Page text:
Sunday, 6 November 2016

What I read in October

October has been one of my most productive reading months in a long time. Granted, all the books I've read have been for university, but it doesn't mean I've enjoyed them any less; if anything, listening to passionate people talk about them in lectures has made me a more conscientious reader. If you're interested, the first two books and the poem were read for English Literature, and the last two for Comparative Literature. In the next few weeks I'm hoping to publish posts about both of these courses, but for now this is just what I've read this month:

Strange Case of Dr Jekyll and Mr Hyde
I think most people have probably heard of Jekyll and Hyde, it's become an integrated part of British culture and is one of the most well known examples of Victorian Gothic literature. For me, I think this is one of the things that 'spoiled' it for me, in the sense that I knew the twist. I loved the creepy atmosphere and the character of Mr Utterson, but definitely knowing what the mystery was kind of distracted me from the suspense Stevenson creates.

Mrs Dalloway

I had an interesting relationship with this book! As one of my close friends will know very well, I HATED it for the first 20 pages or so. The change came after a lecture about the context of the novel with regards to the emerging popularity of film at the time. I started reading as if the whole thing was a film, taken in a single camera shot. It totally changed my opinion, and I started to really enjoy the stream of consciousness narrative that lots of people really dislike. I found that when I visualised was was happening it was much easier to follow, so if you're having trouble getting through this book I think that's the key. Mrs Dalloway was definitely one of the best books I read this month, and I enjoyed it so much more than I thought I would.

The Waste Land

Not technically a novel, but I thought I would include it anyway. The Waste Land is totally different to any other poem I've read before- there was no consistent narrative that could be followed all the way through and seems to be made up of unrelated chunks. I liked the way that as you look deeper, it's possible to pick out imagery or themes that connect the chunks.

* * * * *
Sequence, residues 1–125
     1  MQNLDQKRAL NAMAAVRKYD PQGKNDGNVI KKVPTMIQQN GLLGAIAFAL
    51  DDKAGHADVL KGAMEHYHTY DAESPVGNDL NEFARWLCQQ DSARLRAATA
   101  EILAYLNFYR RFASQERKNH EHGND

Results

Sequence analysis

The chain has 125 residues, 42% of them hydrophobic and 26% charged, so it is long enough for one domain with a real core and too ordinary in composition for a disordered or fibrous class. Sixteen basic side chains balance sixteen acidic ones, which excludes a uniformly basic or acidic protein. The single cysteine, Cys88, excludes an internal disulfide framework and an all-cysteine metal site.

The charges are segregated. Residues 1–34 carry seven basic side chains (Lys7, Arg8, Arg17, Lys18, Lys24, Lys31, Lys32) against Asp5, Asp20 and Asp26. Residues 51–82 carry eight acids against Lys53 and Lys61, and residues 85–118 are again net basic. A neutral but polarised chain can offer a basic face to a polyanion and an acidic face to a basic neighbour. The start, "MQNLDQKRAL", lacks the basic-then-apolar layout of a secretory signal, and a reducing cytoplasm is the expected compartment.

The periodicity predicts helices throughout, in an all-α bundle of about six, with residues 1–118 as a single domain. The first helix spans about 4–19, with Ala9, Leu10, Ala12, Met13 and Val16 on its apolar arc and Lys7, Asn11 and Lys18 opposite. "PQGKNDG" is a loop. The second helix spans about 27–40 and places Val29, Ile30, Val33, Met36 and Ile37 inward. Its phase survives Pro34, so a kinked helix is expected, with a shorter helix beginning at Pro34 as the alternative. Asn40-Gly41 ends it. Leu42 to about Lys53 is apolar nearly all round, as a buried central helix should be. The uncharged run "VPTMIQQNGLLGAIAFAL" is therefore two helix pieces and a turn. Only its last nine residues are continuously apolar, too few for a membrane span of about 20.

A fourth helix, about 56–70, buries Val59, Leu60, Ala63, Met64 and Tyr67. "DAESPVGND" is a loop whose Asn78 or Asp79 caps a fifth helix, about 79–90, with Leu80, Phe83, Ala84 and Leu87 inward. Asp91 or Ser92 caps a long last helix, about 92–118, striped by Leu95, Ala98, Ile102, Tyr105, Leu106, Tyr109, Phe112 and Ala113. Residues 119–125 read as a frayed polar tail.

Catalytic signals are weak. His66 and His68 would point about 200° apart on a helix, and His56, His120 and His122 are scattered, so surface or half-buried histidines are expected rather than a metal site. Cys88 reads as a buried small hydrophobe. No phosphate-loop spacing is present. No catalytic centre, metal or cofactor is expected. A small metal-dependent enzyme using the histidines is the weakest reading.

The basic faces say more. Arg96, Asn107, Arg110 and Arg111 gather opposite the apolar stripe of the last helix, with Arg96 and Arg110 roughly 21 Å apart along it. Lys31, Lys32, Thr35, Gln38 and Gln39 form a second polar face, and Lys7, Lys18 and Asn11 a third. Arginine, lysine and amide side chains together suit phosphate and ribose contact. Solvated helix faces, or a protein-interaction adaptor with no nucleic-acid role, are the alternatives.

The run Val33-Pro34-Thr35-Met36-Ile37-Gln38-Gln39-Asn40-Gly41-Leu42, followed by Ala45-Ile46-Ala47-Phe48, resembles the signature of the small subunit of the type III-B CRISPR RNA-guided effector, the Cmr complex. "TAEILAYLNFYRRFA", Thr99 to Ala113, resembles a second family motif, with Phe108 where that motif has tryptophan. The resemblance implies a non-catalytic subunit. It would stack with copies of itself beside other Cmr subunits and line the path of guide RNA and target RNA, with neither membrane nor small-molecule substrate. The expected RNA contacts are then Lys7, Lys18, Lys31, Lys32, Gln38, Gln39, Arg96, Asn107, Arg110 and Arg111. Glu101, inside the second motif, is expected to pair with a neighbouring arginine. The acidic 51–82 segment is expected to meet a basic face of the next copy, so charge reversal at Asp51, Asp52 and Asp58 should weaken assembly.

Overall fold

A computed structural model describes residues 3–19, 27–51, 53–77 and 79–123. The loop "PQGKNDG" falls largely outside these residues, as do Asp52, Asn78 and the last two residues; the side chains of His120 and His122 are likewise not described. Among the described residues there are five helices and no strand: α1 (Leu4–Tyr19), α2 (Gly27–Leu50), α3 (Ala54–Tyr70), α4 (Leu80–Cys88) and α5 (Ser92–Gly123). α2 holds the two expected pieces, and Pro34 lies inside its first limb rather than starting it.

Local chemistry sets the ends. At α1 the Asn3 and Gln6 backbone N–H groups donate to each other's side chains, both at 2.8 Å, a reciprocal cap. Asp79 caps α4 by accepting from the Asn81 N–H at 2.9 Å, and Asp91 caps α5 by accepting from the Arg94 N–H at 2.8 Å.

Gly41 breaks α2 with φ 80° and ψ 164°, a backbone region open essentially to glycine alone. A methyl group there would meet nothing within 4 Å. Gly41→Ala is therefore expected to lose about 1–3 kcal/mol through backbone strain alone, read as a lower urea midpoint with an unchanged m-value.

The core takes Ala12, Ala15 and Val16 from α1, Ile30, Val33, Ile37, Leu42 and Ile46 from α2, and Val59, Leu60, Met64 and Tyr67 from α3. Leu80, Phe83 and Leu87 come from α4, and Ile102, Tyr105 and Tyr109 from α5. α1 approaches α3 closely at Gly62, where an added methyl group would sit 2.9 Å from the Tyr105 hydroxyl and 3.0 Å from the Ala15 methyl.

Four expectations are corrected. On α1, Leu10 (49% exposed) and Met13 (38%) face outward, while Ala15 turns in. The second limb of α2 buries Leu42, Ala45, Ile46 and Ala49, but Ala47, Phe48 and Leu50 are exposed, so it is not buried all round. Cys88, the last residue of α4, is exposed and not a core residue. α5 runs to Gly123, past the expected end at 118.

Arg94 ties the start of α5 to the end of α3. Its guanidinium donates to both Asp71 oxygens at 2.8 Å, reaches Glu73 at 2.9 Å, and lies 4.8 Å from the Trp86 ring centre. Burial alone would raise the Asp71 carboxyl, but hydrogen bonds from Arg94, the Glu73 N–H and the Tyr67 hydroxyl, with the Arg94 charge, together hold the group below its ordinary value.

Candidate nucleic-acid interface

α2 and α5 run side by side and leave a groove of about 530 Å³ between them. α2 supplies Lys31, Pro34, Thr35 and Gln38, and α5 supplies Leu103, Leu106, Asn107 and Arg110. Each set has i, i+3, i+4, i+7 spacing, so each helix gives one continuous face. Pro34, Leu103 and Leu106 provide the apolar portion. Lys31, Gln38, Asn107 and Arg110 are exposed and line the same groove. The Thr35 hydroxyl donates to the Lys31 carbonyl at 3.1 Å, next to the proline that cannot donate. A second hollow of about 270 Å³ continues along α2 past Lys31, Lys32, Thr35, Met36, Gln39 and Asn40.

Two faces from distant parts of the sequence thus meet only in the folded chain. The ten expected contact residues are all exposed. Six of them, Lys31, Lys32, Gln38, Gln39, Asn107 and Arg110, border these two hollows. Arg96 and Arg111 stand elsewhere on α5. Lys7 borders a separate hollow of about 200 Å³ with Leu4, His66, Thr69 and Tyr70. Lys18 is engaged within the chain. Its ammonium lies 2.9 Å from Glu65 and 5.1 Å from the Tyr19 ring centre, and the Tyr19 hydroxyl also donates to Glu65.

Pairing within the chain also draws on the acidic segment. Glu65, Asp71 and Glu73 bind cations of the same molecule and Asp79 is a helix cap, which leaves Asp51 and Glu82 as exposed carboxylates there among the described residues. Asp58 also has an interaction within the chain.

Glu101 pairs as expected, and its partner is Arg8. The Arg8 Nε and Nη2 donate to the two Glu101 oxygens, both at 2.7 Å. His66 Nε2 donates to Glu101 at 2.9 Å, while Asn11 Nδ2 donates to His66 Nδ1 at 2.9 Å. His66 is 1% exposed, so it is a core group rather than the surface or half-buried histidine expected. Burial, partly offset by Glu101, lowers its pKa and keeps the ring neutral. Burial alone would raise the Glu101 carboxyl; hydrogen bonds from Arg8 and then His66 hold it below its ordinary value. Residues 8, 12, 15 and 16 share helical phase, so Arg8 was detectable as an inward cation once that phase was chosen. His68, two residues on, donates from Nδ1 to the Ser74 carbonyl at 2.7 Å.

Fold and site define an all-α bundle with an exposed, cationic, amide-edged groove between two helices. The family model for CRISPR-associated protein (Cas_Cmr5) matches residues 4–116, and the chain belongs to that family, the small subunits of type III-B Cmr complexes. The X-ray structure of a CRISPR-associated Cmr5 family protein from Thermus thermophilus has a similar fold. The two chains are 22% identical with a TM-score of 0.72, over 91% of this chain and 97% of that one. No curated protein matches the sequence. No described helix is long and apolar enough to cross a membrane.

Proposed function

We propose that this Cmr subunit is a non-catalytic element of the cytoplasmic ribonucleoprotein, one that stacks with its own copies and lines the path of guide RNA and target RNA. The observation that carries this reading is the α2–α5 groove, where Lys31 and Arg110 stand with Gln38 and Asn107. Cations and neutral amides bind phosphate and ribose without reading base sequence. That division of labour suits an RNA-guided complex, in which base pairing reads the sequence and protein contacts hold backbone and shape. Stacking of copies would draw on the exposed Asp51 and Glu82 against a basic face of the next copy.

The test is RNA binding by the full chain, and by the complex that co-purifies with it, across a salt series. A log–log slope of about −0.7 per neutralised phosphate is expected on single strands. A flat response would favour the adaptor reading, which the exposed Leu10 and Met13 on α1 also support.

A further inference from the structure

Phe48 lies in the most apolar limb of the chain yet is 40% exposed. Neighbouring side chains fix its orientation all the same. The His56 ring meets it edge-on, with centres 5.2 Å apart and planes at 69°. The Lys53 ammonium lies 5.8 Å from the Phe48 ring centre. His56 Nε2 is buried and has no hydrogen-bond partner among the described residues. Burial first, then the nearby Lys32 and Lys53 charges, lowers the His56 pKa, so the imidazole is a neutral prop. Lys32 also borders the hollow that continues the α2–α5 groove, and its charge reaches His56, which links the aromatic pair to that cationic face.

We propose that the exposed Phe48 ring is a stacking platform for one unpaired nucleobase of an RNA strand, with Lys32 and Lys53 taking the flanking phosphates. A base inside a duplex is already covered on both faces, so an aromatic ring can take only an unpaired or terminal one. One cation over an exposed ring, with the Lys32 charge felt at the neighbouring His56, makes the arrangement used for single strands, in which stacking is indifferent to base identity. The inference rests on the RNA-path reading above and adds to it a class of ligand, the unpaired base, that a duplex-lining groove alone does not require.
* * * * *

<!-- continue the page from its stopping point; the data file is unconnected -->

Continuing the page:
The House of Ulloa

Another of my favourite books this month. I really loved Bazan's ironic narrative, and actually found it quite funny. Julien is possibly one of my favourite characters in a long time, and the plot line too was really engaging. It's set in the Spanish countryside, which was an environment I wasn't too familiar with in terms of literature, but i liked the atmosphere that was created. I would definitely recommend this book to anyone who enjoys novels from the 19th century, or who is particularly interested in Spanish culture. A really good read.

And now we get to Pleasure. I really really really didn't like this book. It follows the numerous affairs of Andrea, a member of high Italian society and his numerous affairs particularly with two women, Elena and Maria. I found the characters hard to relate to, the plot difficult to follow and the description over the top. D'Annunzio's constant classical and artistic references went over my head, and my lack of recognition with regards to them felt isolating and irritated me. It was really difficult to read, and if something is difficult to read, I'm usually not a fan. You might enjoy this book if you're particularly interested in Italian society, and I do know a lot of people who really love it, but I personally wouldn't recommend it.

So, those were the books I've read this month! I hope you enjoyed it, and are inspired to read one for yourself!

E x


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